Terry’s Take… June Week 2: Depression
In the next few blogs I will be addressing two areas of the “troubled heart” …namely depression and anxiety.
We all have “blue” days when we are a bit melancholy or lethargic. It’s common to the human condition. But the rates of people reporting longer term depression and anxiety has significantly risen in the post-Covid time. Note that links are to external websites.
Read what a recent Gallup Poll reveals:
Alarming rates of depression are not unique to the U.S. Globally, nearly four in 10 adults aged 15 and older either endure significant depression or anxiety themselves or have a close friend or family member who suffers from it. Other Gallup research has estimated that 22% of Northern American adults have experienced depression or anxiety so extreme that they could not continue regular daily activities for two weeks or longer, similar to a global rate of 19% and matching estimates found in Western Europe, the Middle East and North Africa, and South Asia.
Clinical depression had been slowly rising prior to the COVID-19 pandemic but has jumped notably in its wake. Social isolation, loneliness, fear of infection, psychological exhaustion (particularly among front-line responders such as healthcare workers), elevated substance abuse and disruptions in mental health services have all likely played a role. While experiences of significant daily loneliness have subsided in the past two years amid widespread vaccinations and a slow return to normalcy, elevated loneliness experiences during the pandemic likely played a substantive role in increasing the rates of the longer-term, chronic nature of depression. Currently, 17% of U.S. adults report experiencing significant loneliness “yesterday,” projecting to an estimated 44 million people.
Among subgroups, women have historically reported substantially higher levels of depression than men. That this gap has notably widened further since 2017 is likely explained by several COVID-related factors, including the fact that women were disproportionately likely to lose their jobs or to exit the workforce altogether due in part to the pandemic driving children home from school or day care. Women also made up 78% of workers in all healthcare occupations in 2019, exposing them to enhanced emotional and psychological risk associated with the pandemic.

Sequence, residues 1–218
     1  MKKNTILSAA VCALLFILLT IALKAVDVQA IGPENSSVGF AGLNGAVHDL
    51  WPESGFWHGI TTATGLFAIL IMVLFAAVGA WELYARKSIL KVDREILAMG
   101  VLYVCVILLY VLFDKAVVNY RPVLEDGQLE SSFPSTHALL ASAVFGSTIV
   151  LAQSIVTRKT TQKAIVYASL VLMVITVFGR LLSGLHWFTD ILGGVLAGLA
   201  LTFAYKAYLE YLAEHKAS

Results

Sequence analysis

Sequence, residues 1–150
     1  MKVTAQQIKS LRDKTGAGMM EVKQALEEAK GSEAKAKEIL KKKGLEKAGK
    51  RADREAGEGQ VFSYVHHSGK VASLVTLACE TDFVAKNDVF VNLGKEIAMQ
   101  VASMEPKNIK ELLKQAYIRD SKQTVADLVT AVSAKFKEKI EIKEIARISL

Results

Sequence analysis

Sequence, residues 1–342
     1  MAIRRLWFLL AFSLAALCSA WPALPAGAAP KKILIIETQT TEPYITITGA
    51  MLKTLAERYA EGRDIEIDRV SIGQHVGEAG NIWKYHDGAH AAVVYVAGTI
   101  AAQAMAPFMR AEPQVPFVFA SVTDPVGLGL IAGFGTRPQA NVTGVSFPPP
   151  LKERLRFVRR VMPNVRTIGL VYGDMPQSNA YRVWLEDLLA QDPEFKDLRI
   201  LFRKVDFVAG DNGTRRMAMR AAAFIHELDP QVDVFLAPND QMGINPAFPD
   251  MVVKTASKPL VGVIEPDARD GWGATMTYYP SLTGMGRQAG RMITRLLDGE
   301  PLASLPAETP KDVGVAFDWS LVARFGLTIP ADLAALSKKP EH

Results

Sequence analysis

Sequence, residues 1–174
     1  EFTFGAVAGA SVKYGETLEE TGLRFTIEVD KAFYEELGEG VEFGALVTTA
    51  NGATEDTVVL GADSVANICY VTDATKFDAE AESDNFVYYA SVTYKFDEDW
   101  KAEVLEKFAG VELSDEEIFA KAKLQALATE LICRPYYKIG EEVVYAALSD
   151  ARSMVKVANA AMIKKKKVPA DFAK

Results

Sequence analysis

How does depression affect the Christian?
Not only can depression make you question God or feel distant from Him, but it can also make navigating a Christian community more difficult. Depression can be even more challenging for Christians because, unfortunately, there are misconceptions and stigmas associated with depression in many Christian communities.
When you or the people around you do not understand the reality of depression, it makes seeking help more difficult. Depression can already distort your perception of reality or make you doubt your judgment. It’s crucial to be able to recognize what is and is not true about depression.
Many well-meaning people may actually give you bad advice because they don’t understand depression.
Misconception: Depression is not real.
Reality: Depression is a real illness that impacts the brain’s ability to function as it should.
Misconception: Depression is a sin.
Variation: Being depressed means you are failing to trust God. Being depressed means you are failing to be joyful in all things or to give thanks to God.
Reality: Depression is an illness, not a sin.
If you get a cold or suffer from back pain or any physical illness, does anyone ever tell you that you’re being sinful or failing to trust God because you are in pain? It sounds unreasonable because it is. It’s just as unreasonable to say suffering from depression or any other mental illness is sinful or shows failure to trust God.
Misconception: Depression will go away if you pray hard enough or have enough faith.
Reality: Depression usually needs to be treated with more than prayer.
Again, depression is a serious illness. As with any illness, someone with depression should seek professional medical treatment. While God is capable of divinely healing mental or physical illness, He does not always intervene in that way. He provides other ways to heal. God gave people like doctors and mental health professionals the understanding and skills to help those who are suffering.
In our next few blogs we will look at how God’s Word can guide us through this very real valley.